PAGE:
Many reports from India and Asia have highlighted the prevalence of MRSA in the community as well as in community-acquired pyodermas.[2],[3],[10],[12] In a series on community-acquired pyodermas from Mangalore, Nagaraju et al. reported that 11.8% of strains of 202 S. aureus strains were methicillin resistant.[3] According to the National Staphylococcal Phage Typing Centre, New Delhi, there is an increase in the occurrence of methicillin-resistant strains of S. aureus from 9.83% in 1992 to 45.44% in 1998.[13] MRSA strains were more common in southern India (30.94%) than in the west (20.33%) or north (18.88%). Thus, it is likely that the prevalence of methicillin resistance in community-acquired S. aureus strains also varies in different regions. In our study, only one of the seventy strains of S. aureus (1.4%) was methicillin resistant. This low prevalence was probably because our study included only community-acquired primary pyodermas as against the earlier retrospective study where samples from hospitalized and OPD patients were received from all types of infections.

In our series, the sensitivity of S. aureus strains to other antibiotics varied. All the strains were sensitive to vancomycin and sisomycin. They showed minimal resistance to first generation cephalosporins and gentamicin (1.4%). Resistance was greatest to penicillin (87.2%), followed by that to erythromycin (42.9%) and framycetin (35.7%), an antimicrobial used for topical application. Resistance to ciprofloxacin was 17.2%. In other studies too, an increasing resistance to erythromycin is being observed.[3],[13],[14]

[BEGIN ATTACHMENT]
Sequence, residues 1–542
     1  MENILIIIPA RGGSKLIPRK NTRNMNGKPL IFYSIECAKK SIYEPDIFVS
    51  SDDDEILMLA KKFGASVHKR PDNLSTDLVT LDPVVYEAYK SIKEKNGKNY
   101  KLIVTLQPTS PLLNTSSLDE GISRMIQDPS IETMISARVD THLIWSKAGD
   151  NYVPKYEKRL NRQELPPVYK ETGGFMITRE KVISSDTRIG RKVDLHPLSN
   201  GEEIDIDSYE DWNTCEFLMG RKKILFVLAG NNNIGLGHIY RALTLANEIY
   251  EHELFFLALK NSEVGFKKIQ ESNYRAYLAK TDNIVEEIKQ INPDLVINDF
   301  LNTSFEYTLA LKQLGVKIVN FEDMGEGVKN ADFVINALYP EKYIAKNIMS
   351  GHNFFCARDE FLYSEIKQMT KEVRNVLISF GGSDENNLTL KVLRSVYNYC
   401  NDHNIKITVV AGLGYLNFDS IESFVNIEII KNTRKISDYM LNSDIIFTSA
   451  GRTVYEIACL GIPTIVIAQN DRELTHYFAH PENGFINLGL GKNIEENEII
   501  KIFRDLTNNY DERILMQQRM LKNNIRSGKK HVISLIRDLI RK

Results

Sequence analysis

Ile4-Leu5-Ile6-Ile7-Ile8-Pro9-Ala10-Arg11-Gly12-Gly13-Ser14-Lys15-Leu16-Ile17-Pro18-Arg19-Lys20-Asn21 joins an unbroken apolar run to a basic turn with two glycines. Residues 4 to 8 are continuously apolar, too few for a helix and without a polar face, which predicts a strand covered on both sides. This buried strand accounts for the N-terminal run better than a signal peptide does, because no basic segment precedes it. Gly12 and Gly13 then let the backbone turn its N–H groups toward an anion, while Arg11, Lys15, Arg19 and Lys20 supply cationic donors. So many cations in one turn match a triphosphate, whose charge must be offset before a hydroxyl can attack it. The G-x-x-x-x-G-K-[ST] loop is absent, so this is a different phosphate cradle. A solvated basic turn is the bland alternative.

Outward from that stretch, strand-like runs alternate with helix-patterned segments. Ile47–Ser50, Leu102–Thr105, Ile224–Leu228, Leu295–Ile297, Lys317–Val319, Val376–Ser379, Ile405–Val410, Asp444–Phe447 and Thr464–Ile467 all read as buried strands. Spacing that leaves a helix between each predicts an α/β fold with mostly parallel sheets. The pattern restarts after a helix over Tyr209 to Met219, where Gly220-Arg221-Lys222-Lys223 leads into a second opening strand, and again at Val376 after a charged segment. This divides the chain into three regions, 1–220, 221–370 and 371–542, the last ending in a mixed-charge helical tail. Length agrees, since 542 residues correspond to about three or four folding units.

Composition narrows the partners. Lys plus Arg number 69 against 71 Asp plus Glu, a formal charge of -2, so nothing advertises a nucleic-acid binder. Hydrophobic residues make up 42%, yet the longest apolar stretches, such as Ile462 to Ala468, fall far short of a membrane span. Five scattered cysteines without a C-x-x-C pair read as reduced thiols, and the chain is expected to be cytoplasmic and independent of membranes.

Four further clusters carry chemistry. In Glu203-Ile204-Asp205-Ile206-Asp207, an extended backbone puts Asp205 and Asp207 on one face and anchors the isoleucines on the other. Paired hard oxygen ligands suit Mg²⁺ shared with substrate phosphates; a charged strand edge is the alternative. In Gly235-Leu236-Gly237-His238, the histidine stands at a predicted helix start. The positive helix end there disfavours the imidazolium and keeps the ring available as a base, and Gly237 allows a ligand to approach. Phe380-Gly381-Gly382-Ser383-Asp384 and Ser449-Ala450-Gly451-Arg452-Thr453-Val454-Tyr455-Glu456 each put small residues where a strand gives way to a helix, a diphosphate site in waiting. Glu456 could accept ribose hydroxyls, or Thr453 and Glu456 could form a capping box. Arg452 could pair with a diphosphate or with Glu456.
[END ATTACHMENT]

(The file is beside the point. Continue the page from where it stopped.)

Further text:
The emergence of antibiotic resistant strains poses a significant problem both in community as well as hospital practice in deciding empiric therapy. It is therefore important to monitor the changing trends in bacterial infections and their antimicrobial susceptibility patterns. Studies like the present one help in establishing the etiological agents and deciding empiric therapy from time to time. The increasing resistance observed to framycetin and erythromycin limits their use as first choice antimicrobial agents. In patients with primary pyodermas, cephalosporins and penicillinase resistant penicillins (e.g., methicillin, cloxacillin) can be considered as preferred first line systemic therapeutic agents. Similarly, the first choices of topical therapy for primary pyodermas are probably gentamicin and sisomicin rather than framycetin. However, we have not been able to check the sensitivity of these isolates to some other popular topical antibacterials like sodium fusidate, mupirocin and nadifloxacin as our study was focused on the frequency of MRSA strains. In spite of this drawback, our findings indicate that it may probably be unnecessary to use antibacterials useful for MRSA strains on a routine basis for the empirical treatment of community-acquired primary pyodermas. However, these findings need to be confirmed by a larger study.